http://www.soupbase.com/ keeps forever in the freezer. they have a shipping special now, which i wait for and then stock up.

I use a variety of these as the 'salt content' of gravy and soup.

the roasted chicken base has much less salt that the regular stuff. ie more flavor to get to that saltiness. and

you really can taste that Roasty-Ness.

its a fine product and may put your Pie over the Edge in place of the Cube.

Happy cooking!

Edited by rotuts (log)
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Rotus, I use my own chicken stock when i have it on hand in the freezer. I sometimes use those knorr stock gel cubes aswell, but as ive said, i use bullion in place of salt since my stock, and even the knorr stock gel cubes are pretty low in salt content.

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huiray -- but that would break C. sapidus' "egg" rule. (kidding)

I thought that was percyn's "egg" rule :laugh:

Dejah – Your Thai salmon cakes look fantastic! Have

you tried steelhead trout instead of salmon? Steelhead is similar to salmon,

but milder.

Kim – I always like your salads, but Gorgonzola and

spiced pecans sounds particularly good. I wish I could find some good half

smokes around here!

Butternut squash and sweet potato simmered in coconut

milk – with cashews and flat-leaf coriander (again after the picture –

doh!). I hit a few of the squash with a stick blender to enhance the coconut milk.


Beef stewed with tomato, star anise, and lemongrass

(Bo kho) – with five-spice powder, fish sauce, ginger, onion, bay leaf, brown

sugar, fish sauce, and carrots. Garnished with flat-leaf coriander after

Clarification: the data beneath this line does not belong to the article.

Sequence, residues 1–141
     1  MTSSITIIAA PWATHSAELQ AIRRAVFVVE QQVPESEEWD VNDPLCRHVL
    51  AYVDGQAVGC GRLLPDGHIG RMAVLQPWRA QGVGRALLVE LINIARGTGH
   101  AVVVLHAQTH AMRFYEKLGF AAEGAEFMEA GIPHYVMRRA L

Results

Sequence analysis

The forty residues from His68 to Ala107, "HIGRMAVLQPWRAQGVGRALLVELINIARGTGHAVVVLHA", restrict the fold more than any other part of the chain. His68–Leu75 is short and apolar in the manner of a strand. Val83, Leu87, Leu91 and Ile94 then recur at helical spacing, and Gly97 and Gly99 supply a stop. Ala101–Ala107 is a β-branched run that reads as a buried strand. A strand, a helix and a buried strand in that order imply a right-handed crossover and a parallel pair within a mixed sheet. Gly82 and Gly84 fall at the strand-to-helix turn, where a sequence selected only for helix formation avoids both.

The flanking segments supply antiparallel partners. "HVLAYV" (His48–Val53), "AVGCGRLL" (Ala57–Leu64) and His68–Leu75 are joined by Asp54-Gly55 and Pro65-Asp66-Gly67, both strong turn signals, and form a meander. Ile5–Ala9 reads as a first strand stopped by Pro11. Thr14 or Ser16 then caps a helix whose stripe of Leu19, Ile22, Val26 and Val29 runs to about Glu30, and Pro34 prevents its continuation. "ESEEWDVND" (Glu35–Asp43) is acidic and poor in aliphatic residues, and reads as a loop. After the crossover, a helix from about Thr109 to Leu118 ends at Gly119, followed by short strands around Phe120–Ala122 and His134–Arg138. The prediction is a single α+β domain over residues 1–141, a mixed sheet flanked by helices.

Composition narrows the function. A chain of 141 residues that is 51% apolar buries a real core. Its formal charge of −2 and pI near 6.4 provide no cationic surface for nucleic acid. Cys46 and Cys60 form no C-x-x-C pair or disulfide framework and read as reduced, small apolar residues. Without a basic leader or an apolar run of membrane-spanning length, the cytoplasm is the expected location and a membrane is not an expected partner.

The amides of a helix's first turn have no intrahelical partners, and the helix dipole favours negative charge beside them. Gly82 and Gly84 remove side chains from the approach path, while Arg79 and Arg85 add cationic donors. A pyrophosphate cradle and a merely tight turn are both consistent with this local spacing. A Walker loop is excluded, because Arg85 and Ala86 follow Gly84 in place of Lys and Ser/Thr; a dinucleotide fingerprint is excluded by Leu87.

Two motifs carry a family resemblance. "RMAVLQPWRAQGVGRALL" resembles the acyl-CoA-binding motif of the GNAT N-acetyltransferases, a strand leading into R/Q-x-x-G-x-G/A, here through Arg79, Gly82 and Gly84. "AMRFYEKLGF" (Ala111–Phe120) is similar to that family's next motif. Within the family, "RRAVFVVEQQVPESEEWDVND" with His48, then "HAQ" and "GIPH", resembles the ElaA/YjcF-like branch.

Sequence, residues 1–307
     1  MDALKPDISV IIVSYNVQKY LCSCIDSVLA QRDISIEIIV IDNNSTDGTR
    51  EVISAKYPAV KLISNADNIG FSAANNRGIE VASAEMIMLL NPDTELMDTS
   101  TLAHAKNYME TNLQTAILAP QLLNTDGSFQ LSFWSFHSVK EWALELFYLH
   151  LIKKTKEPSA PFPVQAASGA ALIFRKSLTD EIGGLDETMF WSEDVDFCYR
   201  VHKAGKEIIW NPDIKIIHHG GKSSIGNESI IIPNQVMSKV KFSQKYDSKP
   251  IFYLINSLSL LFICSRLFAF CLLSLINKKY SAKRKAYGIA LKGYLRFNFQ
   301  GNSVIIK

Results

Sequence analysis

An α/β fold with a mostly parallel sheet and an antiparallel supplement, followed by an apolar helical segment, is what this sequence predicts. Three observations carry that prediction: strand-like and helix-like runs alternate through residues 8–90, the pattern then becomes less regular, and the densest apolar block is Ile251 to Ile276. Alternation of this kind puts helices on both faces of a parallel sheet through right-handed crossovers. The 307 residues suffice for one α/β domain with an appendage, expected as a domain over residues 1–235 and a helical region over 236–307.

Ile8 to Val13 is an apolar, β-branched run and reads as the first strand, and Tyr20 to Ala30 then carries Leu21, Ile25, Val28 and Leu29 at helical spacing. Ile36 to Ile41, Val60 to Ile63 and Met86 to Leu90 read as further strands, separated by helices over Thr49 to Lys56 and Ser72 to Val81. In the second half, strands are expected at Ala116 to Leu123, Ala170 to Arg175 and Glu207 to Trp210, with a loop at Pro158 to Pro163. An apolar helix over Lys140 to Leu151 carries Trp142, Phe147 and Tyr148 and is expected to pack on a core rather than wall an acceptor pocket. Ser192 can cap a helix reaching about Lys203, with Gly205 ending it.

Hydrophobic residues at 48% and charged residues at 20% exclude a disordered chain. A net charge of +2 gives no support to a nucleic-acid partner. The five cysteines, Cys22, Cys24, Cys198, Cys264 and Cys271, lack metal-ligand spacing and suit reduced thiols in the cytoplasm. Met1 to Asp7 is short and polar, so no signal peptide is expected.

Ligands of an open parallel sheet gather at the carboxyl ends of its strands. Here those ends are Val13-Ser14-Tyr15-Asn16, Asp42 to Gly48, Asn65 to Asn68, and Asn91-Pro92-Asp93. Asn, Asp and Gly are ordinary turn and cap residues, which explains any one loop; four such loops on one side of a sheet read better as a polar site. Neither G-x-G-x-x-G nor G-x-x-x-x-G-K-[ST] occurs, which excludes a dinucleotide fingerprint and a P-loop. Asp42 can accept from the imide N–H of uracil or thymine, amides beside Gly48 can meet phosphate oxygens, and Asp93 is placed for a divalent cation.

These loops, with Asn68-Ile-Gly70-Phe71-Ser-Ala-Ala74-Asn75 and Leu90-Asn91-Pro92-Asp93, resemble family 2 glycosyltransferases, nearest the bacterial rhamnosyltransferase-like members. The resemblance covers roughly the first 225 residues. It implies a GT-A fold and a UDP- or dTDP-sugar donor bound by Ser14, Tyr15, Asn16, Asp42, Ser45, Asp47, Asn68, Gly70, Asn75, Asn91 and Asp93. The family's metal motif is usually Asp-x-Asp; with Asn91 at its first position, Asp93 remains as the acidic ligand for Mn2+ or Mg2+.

picture time. Jasmine rice to go with.


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Can you elaborate on the tofu prep - I have been trying to expand my prep methods beyond cubed into soup or mapo

I mixed plain yogurt with garam masala, turmeric, ground ginger, cumin, garlic powder, salt and a little bit of lemon juice. I cubed the tofu (extra firm) and mixed it in the yogurt, and let it sit in the fridge for a few hours. I cooked it in a non-stick pan for ~15 minutes on medium high, with a little canola oil and the extra yogurt.

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Heidi, have you tried other types of tofu other than the "usual" soft/medium/firm types? Some "fried firm tofu" or tofu puffs or tofu sheets or tofu (spiced/seasoned or not) formed into sort-of blocks which look like chunks of meat?

With the "usual" tofu I presume you have also tried deep-frying large slices of it or making agedashidofu (or variants of it)?

One home-style dish you might like to try would be something like "lo siu ping on" or variants of it where you just sub out the fish paste for meat paste of your choice...

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oops. I meant percyn. hehe



Insalata di funghi

This version is just baby arugula, curly endive and oyster mushrooms, with a hazelnut vinaigrette (hazelnut oil, lemon juice, sea salt, black pepper).


"A Night in Tunisia" -- roasted carrots, Castelvetrano olives, hard-cooked farm egg

As usual, things are a little more complicated than at first glance.

The carrots were tossed with olive oil, lemon juice, sea salt, black pepper, cumin and panch phoron (for texture), then roasted at 375 F for 40 minutes.

This was dressed with Italian parsley and a preserved lemon vinaigrette -- olive oil, a tiny bit of juice from some homemade preserved lemons, and black pepper.


Cime di rapa con tagliatelle (slow-cooked broccoli rabe, homemade tagliatelle)

Adapted from Saveur's recipe here: http://www.saveur.com/article/Recipes/Cime-di-Rapa-Fritte

I reduced the amount of garlic called for in the linked recipe by half, and added lemon juice. This comes close to a contorno I had at Babbo almost a year ago.

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Soba – everything looks lovely, but that potato and leek dish sounds especially good. And the mushroom salad looks beautiful. What incredible greens you are able to get. Sigh.

FeChef – I’m not a sweet potato fan, but that chicken pie looks scrumptious! Between your lovely pie and Robirdstx’s chicken pie last month, I think one is in my near future!

Bruce – your stew looks fabulous!

Dinner last night:


Cheeseburgers, fries and butter beans. While I love all kinds of cheeseburgers, I’m with Wylie Dufresne – American cheese makes the best, the most comforting cheeseburger. Nice to have good company on this exceedingly pedestrian opinion!